TODO make sure we've made clear our proposed design:


  • fixed native size vector per arch, not sub-arch, picked as max
  • instruction selection is per-module via -msse -mavx
  • worker/wrapper with common and specialised ABI including rationale for why this should perform well enough vs compiling everything with one ABI

Native vector sizes

In addition to various portable fixed size vector types, we will have a portable vector type that is tuned for the hardware vector register size. This is analogous to the existing integer types that GHC supports. We have Int8, Int16, Int32 etc and in addition we have Int, the size of which is machine dependent (either 32 or 64bit).

As with Int, the rationale is efficiency. For algorithms that could work with a variety of primitive vector sizes it will almost always be fastest to use the vector size that matches the hardware vector register size. Clearly it is suboptimal to use a vector size that is smaller than the native size. Using a larger vector is not nearly as bad as using as smaller one, though it does contribute to register pressure.

Without a native sized vector, libraries would be forced to use CPP to pick a good vector size based on the architecture, or to pick a fixed register size that is always at least as big as the native size on all platforms that are likely to be used. The former is annoying and the latter makes less sense as vector sizes on some architectures increase.

Note that the actual size of the native vector size will be fixed per architecture and will not vary based on "sub-architecture" features like SSE vs AVX. We will pick the size to be the maximum of all the sub-architectures. That is we would pick the AVX size for x86-64. The rationale for this is ABI compatibility which is discussed below. In this respect, the IntVec# is like Int#, the size of both is crucial for the ABI and is determined by the target platform/architecture.

So we extend our family of vector types with:

native length length 2 length 4 length 8 etc
native Int IntVec# IntVec2# IntVec4# IntVec8# ...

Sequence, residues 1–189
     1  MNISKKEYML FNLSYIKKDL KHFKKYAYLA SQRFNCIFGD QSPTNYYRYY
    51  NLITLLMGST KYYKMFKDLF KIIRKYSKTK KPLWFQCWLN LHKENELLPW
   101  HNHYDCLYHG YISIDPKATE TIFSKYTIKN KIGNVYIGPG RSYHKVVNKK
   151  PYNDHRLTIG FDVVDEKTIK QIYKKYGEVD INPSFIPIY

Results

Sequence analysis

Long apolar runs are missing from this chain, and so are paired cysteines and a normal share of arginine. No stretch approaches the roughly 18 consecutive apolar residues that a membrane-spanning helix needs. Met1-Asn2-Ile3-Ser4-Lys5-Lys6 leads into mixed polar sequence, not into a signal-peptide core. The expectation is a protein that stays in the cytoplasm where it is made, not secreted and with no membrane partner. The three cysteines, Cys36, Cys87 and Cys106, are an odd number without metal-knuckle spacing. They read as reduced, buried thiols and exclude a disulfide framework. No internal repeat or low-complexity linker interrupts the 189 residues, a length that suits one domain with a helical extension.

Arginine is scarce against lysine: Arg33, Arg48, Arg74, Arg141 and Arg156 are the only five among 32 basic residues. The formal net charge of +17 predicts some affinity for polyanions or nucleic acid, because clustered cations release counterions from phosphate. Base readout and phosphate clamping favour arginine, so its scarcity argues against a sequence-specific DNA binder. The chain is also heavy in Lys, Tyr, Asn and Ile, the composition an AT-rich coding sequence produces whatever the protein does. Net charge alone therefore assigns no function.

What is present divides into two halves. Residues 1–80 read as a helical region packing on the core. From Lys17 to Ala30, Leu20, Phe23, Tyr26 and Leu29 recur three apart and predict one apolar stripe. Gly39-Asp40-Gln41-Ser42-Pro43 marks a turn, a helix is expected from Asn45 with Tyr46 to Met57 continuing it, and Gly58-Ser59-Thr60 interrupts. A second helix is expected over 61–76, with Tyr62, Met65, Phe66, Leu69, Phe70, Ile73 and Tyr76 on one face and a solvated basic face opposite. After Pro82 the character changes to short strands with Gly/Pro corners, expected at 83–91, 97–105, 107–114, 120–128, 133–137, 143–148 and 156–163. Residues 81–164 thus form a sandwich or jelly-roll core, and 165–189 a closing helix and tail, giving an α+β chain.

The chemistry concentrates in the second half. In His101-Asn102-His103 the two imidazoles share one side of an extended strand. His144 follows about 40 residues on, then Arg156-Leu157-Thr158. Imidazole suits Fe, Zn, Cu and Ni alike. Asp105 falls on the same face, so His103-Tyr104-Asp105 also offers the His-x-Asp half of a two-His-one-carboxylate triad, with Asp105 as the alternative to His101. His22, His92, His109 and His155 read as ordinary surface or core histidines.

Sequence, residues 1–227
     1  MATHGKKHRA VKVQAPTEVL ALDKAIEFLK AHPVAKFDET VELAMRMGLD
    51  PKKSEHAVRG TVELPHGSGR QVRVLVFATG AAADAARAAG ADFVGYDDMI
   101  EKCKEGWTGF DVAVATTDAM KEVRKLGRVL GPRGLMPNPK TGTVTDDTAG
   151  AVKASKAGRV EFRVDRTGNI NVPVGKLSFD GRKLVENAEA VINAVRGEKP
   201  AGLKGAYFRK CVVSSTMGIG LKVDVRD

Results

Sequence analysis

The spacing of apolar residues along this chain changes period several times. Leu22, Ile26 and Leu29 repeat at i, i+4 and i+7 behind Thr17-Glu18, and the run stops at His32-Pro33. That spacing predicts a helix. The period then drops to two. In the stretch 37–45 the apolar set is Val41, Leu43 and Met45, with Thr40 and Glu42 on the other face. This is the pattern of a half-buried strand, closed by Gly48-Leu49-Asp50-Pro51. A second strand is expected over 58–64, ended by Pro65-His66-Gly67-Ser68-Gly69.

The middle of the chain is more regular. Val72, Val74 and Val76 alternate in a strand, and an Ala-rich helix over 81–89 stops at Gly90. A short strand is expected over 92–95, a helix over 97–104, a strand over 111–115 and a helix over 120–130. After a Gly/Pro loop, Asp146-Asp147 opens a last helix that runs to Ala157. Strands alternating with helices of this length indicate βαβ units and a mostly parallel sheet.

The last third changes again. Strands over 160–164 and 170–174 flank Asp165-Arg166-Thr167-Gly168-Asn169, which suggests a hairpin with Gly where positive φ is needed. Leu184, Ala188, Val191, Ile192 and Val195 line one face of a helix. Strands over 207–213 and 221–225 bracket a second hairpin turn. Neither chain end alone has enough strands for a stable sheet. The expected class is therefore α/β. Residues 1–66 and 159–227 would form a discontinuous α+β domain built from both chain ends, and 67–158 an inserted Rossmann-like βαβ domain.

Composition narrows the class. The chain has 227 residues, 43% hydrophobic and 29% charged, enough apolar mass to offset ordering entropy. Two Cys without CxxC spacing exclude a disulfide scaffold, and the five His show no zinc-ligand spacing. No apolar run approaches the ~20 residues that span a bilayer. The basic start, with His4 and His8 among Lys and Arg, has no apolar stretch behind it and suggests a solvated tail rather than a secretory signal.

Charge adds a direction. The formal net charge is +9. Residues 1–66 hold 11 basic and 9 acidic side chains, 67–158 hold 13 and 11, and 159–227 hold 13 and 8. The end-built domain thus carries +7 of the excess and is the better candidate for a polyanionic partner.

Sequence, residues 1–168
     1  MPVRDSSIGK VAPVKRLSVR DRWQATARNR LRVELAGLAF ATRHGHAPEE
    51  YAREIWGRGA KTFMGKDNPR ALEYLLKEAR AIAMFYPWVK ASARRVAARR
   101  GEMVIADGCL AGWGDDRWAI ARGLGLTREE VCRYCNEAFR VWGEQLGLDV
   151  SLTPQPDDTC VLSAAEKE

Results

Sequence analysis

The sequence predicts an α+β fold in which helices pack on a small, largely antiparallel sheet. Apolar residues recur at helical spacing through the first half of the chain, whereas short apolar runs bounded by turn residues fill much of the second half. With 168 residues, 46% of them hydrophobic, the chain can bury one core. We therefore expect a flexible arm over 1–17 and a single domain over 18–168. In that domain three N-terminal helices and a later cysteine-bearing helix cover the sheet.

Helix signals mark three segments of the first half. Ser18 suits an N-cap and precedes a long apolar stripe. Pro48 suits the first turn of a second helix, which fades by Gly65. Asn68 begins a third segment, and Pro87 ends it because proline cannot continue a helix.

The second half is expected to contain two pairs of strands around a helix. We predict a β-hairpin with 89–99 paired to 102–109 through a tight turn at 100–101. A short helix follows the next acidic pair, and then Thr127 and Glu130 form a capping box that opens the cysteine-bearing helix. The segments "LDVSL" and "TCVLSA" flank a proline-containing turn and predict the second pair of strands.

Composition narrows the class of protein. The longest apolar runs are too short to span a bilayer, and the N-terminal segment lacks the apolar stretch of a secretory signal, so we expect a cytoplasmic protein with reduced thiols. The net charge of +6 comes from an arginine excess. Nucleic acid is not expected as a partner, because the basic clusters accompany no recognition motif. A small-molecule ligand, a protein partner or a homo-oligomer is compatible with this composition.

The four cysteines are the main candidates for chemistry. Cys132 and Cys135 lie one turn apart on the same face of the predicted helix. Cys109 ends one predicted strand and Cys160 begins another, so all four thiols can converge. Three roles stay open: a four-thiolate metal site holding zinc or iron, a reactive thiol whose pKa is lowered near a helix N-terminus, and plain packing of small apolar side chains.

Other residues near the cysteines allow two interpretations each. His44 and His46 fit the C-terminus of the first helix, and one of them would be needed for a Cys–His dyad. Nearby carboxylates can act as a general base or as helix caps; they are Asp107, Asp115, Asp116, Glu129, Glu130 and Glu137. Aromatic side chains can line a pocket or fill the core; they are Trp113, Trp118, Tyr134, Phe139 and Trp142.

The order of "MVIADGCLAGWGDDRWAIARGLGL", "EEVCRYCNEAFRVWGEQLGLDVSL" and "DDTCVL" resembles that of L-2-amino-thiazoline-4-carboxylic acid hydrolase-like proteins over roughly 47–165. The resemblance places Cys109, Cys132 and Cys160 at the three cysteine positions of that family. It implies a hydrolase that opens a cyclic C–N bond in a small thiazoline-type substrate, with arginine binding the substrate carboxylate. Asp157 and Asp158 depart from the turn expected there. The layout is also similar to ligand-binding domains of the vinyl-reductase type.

Int8 Int8Vec# Int8Vec2# Int8Vec4# Int8Vec8# ...
Int16 Int16Vec# Int16Vec2# Int16Vec4# Int16Vec8# ...
etc ... ... ... ... ...

and there are some top level constants describing the vector size so as to enable their portable use

intVecSize :: Int
wordVecSize :: Int
floatVecSize :: Int
doubleVecSize :: Int

The native-sized vector types are distinct types from the explicit-sized vector types, not type aliases for the corresponding explicit-sized vector. This is to support and encourage portable code.

ABIs and calling conventions

For each CPU architecture GHC has a calling convention that it uses for all Haskell function calls. The calling convention specifies where function arguments and results are placed in registers and on the stack. Adhering to the calling convention is necessary for correctness. Code compiled using different calling conventions should not be linked together. Note that currently the LLVM and NCG code generators adhere to the same ABI.

The calling convention needs to be extended to take into account the primitive vector types. We have to decide if vectors should be passed in registers or on the stack and how to handle vectors that do not match the native vector register size.

For efficiency it is highly desirable to make use of vector registers in the calling convention. This can be significantly quicker than copying vectors to and from the stack.

Within the same overall CPU architecture, there are several sub-architectures with different vector capabilities and in particular different vector sizes. The x86-64 architecture supports SSE2 vectors as a baseline which includes pairs of doubles, but the AVX extension doubles the size of the vector registers. Ideally when compiling for AVX we would make use of the larger AVX vectors, including passing the larger vectors in registers.

This poses a major challenge: we want to make use of large vectors when possible but we would also like to maintain some degree of ABI compatibility.

Alternative design: separate ABIs